“Greensleeves” is a traditional English folk song dating to the late 16th century (possibly earlier), named for its association with various ballads of “ye Ladye Greene Sleves,” who spurns the love of an eager suitor. The melody, which became a popular accompaniment to numerous songs on different topics, emerged during the long period in which the modal system of musical composition was giving way to the tonal (major-minor) system, and it contains elements of both.
The poem, “What Child is this?” by the English writer William Chatterton Dix (1837-1898), first appeared in the privately printed pamphlet, “Christmas Carols & Christmas Customs,” circa 1870. The pairing of Dix’s poem with the “Greensleeves” tune (an example of contrafactum, the pairing of a religious lyric or sacred text with a popular or secular tune) is thought to have been the work of the English composer, organist, and choirmaster Sir John Stainer (1840-1901), who had written a harmonized setting of the tune. For generations since, it has been one of the best-loved Christmas carols.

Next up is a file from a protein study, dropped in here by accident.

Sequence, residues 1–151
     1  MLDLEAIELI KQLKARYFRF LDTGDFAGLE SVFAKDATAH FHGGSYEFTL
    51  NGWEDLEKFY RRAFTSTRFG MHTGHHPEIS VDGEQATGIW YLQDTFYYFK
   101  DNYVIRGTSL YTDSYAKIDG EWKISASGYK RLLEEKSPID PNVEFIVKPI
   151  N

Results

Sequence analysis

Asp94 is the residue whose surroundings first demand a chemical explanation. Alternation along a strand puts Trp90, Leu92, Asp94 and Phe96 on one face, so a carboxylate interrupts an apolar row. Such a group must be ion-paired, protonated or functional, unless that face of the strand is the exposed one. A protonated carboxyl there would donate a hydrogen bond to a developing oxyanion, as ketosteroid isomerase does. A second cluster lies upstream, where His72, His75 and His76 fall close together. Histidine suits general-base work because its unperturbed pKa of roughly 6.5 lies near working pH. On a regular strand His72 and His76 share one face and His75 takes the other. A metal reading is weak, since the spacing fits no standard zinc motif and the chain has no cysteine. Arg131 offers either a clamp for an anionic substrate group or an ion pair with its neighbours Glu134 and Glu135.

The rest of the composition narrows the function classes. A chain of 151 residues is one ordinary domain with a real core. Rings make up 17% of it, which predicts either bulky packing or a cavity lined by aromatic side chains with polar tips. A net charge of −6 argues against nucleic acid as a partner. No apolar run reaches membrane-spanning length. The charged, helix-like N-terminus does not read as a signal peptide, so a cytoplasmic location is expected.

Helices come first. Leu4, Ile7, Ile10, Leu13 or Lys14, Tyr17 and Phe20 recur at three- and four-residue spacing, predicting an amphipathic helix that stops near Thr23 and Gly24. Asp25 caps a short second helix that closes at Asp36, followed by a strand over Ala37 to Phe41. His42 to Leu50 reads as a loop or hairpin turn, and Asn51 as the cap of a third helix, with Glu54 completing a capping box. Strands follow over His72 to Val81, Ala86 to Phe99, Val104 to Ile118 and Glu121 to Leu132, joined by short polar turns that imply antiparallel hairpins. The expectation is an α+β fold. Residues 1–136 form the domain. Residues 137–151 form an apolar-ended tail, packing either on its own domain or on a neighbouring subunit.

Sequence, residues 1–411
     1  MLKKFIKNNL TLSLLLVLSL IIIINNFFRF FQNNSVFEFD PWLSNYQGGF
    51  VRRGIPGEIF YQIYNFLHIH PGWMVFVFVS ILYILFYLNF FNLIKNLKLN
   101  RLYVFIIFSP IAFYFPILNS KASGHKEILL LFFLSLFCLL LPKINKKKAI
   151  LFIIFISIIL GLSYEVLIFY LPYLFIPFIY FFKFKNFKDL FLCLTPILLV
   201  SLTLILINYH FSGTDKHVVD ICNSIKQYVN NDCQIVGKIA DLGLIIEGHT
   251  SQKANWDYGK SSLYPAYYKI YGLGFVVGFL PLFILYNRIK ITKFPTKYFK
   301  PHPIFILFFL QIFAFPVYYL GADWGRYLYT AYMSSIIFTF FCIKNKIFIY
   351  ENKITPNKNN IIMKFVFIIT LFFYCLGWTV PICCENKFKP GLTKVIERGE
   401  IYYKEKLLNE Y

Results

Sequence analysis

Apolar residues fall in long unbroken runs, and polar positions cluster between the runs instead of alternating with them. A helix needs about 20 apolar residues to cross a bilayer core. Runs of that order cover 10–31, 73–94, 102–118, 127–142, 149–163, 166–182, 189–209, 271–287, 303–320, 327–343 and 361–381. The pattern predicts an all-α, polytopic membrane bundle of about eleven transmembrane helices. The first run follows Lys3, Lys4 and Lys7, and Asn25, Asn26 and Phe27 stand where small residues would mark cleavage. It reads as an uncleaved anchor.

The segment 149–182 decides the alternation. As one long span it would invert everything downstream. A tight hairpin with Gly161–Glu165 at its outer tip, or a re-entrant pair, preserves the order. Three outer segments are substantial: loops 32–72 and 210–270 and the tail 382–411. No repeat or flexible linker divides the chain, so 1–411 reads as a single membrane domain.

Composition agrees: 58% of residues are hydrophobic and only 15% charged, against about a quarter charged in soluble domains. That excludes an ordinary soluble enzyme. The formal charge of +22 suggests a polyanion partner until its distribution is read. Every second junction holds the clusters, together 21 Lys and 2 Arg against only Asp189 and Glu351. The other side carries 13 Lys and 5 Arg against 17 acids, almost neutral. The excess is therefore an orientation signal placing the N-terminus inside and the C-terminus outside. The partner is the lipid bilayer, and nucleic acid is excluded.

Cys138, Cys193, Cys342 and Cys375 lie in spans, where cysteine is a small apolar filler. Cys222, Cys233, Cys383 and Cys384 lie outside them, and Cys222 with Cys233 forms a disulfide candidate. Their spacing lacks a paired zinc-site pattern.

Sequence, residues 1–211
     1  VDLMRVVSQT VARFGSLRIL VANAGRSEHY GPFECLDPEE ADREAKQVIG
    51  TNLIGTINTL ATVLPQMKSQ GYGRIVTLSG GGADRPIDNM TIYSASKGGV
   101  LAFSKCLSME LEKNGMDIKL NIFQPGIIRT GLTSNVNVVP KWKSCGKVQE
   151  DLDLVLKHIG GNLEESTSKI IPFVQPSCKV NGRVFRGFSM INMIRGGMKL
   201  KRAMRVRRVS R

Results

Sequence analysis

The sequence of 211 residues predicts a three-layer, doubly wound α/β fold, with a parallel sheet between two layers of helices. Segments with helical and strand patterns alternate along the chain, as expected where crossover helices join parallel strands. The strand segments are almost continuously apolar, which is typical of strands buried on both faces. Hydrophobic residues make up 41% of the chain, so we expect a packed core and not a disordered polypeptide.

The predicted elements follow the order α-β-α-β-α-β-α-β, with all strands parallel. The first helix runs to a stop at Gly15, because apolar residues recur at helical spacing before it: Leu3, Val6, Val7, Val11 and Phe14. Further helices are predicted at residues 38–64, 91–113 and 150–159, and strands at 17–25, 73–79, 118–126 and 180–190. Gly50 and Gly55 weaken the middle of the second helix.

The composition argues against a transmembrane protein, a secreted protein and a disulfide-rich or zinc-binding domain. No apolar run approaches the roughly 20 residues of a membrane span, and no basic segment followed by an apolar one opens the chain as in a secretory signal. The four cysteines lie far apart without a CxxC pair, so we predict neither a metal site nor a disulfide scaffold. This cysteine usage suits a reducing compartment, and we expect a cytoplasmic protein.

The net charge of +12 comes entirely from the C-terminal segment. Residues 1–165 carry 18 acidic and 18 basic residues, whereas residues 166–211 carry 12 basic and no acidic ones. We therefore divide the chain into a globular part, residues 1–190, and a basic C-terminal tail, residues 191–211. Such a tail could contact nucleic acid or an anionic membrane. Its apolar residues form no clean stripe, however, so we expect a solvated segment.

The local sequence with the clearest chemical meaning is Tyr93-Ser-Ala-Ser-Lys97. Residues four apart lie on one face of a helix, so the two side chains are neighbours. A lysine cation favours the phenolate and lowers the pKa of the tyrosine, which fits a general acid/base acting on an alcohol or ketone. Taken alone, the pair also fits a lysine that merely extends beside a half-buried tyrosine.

Here’s a performance by the Hungarian ensemble, the Daniel Speer brass.
Score, parts (Bb tpt. 1, Bb tpt. 2, F horn, tbn, tuba) — $12.99